Driving Downtown – Denver Colorado USA – Episode 53.
Starting Point: Colfax Avenue .
Denver is one of the fastest-growing major cities in the United States and is the capital and most populous municipality of the U.S. state of Colorado. Denver is just east of the Front Range of the Rocky Mountains. Denver is nicknamed the Mile High City because its official elevation is exactly one mile (5280 feet or 1609.3 meters) above sea level, making it the highest major city in the United States.
With an estimated population of 693,060 in 2016, Denver is the 19th-most populous U.S. city, with a 15.48% increase since the 2010 United States Census. In 2016, Denver was named the best place to live in the United States by U.S. News & World Report.
The Denver MSA has a gross metropolitan product of $157.6 billion in 2010, making it the 18th largest metro economy in the United States. Denver’s economy is based partially on its geographic position and its connection to some of the country’s major transportation systems. Because Denver is the largest city within 500 miles (800 km), it has become a natural location for storage and distribution of goods and services to the Mountain States, Southwest states, as well as all western states. Another benefit for distribution is that Denver is nearly equidistant from large cities of the Midwest, such as Chicago and St. Louis and some large cities of the West Coast, such as Los Angeles and San Francisco.
Denver’s position near the mineral-rich Rocky Mountains encouraged mining and energy companies to spring up in the area. In the early days of the city, gold and silver booms and busts played a large role in the city’s economic success. In the 1970s and early 1980s, the energy crisis in America and resulting high oil prices created an energy boom in Denver captured in the soap opera Dynasty. Denver was built up considerably during this time with the construction of many new downtown skyscrapers. When the price of oil dropped from $34 a barrel in 1981 to $9 a barrel in 1986, the Denver economy also dropped, leaving almost 15,000 oil industry workers in the area unemployed (including former mayor and current governor John Hickenlooper, a former geologist), and the nation’s highest office vacancy rate (30%). The industry has recovered and the region has 700 employed petroleum engineers. Advances in hydraulic fracturing have made the DJ Basin of Colorado into an accessible and lucrative oil play. Energy and mining are still important in Denver’s economy today, with companies such as EnCana, Halliburton, Smith International, Rio Tinto Group, Newmont Mining, Noble Energy, and Anadarko headquartered or having significant operations.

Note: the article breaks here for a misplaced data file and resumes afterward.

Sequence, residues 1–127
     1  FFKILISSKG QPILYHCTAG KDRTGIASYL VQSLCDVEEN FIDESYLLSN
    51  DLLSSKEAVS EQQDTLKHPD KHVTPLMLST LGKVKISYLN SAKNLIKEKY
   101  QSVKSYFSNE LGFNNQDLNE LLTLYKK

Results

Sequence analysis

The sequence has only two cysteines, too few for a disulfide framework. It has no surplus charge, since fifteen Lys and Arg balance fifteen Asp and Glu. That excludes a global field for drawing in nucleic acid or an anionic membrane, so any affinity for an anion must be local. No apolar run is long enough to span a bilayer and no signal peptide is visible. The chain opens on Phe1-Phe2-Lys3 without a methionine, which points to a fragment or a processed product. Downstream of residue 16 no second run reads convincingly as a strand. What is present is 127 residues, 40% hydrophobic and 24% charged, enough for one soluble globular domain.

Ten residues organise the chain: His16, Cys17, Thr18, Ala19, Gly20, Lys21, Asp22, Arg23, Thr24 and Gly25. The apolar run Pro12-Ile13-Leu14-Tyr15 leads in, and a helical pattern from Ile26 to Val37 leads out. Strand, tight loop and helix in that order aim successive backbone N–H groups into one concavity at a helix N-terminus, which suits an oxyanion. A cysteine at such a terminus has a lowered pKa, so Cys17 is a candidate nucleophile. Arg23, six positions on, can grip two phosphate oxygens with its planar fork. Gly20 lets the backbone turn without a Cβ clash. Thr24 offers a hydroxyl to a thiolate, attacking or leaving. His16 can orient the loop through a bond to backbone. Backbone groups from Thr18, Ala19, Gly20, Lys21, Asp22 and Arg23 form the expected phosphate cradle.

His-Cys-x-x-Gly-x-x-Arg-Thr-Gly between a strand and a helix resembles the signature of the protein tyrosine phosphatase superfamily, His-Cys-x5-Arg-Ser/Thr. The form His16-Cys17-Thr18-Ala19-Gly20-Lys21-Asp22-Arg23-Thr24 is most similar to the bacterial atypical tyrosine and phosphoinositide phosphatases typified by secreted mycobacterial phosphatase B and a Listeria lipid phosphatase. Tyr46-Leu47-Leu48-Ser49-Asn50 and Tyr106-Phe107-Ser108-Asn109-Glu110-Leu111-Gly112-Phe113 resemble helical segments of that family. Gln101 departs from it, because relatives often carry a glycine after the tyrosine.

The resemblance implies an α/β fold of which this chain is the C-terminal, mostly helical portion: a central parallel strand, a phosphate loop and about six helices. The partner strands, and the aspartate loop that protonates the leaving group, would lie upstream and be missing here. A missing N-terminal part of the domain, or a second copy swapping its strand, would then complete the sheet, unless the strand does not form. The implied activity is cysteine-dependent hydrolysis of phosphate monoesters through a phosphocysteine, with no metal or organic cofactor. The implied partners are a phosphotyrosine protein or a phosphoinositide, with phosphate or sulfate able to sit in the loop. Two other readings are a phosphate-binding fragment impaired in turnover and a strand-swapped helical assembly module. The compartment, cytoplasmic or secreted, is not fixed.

Denver is home to a variety of sports teams and is one of the U.S. cities with teams from four major sports (the Denver metro area is the smallest metropolitan area to have a team in all four major sports). The Denver Broncos of the National Football League have drawn crowds of over 70,000 since their origins in the early 1960s, and continue to draw fans today to their current home Sports Authority Field at Mile High. The Broncos have sold out every home game (except for strike-replacement games) since 1970. The Broncos have advanced to eight Super Bowls and won back-to-back titles in 1997 and 1998, and won again in 2015.
Because of its proximity to the mountains and generally sunny weather, Denver has gained a reputation as being a very active, outdoor-oriented city. Many Denver residents spend the weekends in the mountains; skiing in the winter and hiking, climbing, kayaking, and camping in the summer.
Denver and surrounding cities are home to a large number of local and national breweries. Many of the region’s restaurants have on-site breweries, and some larger brewers offer tours, including Coors and New Belgium Brewing Company. The city also welcomes visitors from around the world when it hosts the annual Great American Beer Festival each fall.